All Words > Tête-à-tête

Sunday, August 22



Part of speech: noun

Origin: French, late 17th century


A private conversation between two people.


An S-shaped sofa on which two people can sit face to face.

Examples of Tête-à-tête in a sentence

"The world leaders had a private tête-à-tête before the press conference."

"The 20-somethings sat on the tête-à-tête and continued to flirt."

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About Tête-à-tête

This word comes directly from the French, literally meaning “head-to-head.” Originates from the Old French “teste,” meaning “head.”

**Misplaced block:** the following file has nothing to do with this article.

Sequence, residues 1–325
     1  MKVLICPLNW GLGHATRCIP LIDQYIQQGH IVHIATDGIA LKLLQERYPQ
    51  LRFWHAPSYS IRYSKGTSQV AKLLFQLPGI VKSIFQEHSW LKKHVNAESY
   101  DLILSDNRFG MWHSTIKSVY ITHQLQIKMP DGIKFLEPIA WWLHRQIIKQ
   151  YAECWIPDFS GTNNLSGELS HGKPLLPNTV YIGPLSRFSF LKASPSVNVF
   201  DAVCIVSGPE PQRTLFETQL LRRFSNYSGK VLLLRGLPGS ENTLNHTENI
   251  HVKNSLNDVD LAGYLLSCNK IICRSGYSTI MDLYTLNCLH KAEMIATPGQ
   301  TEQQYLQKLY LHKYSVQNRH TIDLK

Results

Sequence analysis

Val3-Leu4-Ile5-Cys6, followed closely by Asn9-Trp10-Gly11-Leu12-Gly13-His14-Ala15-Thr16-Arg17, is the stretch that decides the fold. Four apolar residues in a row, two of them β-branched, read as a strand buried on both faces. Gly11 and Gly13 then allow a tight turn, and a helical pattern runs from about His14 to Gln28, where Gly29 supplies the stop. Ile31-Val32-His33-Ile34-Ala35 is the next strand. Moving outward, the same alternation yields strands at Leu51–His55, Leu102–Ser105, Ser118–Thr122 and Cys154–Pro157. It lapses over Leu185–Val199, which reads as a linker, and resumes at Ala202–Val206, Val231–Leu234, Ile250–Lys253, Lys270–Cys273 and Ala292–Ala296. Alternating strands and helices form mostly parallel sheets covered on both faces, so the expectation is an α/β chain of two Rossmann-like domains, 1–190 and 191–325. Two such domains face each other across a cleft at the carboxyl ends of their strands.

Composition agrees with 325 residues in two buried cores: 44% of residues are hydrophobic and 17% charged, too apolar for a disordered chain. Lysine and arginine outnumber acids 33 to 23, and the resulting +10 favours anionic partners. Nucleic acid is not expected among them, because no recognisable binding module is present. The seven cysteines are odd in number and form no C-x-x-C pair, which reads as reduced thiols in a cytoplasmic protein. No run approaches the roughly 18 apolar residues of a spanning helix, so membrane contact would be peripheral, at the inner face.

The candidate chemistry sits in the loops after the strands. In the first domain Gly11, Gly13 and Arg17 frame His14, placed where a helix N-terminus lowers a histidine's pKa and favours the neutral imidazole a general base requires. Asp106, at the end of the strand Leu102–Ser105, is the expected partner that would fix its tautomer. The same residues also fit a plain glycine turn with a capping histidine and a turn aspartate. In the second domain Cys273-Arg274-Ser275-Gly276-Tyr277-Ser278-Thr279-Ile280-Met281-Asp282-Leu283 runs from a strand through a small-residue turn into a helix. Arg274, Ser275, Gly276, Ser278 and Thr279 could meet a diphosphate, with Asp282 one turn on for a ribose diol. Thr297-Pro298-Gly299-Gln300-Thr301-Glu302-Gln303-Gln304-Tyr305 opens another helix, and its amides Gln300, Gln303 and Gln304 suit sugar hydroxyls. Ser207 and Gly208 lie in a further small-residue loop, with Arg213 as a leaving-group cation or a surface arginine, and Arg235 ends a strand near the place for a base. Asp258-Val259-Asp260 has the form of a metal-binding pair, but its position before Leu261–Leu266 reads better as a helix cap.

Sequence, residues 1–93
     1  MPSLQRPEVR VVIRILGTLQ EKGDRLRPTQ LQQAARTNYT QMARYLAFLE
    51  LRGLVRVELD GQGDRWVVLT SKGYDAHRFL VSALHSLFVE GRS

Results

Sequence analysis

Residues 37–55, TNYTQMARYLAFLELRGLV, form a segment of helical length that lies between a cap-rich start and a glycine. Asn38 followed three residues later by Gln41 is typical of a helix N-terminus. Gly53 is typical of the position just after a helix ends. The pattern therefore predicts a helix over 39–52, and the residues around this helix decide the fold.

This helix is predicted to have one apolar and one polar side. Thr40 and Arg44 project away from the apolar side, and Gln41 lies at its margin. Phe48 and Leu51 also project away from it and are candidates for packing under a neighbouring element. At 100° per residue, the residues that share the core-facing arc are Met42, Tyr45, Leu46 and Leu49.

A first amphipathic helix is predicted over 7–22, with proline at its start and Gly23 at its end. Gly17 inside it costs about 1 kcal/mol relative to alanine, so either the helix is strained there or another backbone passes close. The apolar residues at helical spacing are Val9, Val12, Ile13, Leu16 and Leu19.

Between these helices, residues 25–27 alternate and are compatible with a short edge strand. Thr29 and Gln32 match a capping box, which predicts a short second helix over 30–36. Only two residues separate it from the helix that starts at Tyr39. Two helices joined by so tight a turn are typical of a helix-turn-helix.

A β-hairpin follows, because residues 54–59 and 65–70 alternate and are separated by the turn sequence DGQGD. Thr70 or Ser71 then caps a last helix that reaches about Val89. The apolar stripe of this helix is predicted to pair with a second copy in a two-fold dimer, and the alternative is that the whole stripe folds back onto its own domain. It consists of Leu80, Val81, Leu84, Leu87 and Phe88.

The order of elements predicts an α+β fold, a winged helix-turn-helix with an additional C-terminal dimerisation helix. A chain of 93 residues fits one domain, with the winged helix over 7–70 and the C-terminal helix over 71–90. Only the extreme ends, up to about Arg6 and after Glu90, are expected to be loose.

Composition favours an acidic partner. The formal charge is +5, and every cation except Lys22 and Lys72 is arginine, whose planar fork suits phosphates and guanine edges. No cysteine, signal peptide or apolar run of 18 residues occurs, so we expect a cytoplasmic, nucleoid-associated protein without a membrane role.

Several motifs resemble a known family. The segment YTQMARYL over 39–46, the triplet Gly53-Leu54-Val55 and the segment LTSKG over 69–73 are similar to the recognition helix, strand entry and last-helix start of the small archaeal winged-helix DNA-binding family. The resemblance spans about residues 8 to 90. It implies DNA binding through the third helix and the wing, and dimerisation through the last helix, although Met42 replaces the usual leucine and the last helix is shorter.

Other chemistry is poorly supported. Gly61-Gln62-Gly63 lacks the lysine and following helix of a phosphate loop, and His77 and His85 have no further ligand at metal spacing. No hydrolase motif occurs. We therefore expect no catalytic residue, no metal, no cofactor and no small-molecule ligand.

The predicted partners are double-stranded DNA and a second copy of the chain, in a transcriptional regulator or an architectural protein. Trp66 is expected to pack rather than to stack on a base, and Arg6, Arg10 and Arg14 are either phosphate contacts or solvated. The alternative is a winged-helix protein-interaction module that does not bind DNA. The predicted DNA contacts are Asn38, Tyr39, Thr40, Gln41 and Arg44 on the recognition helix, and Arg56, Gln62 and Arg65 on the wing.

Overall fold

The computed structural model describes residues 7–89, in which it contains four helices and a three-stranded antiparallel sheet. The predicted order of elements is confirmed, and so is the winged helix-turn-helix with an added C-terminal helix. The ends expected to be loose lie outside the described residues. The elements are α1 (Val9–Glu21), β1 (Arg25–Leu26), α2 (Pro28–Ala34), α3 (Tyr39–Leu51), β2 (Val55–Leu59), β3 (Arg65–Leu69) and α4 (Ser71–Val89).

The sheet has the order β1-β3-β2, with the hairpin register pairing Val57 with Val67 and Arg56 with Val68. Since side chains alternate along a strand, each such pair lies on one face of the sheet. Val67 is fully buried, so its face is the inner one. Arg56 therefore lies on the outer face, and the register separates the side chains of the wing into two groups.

Did you Know?

The courting bench and the gossip’s chair are just two of the monikers given to the tête-à-tête couch. They were extremely popular in Victorian-era upper-class homes — perhaps because Victorians were so conservative about the courting process. The sofa’s unique design allowed blossoming couples to sit close without ever touching.

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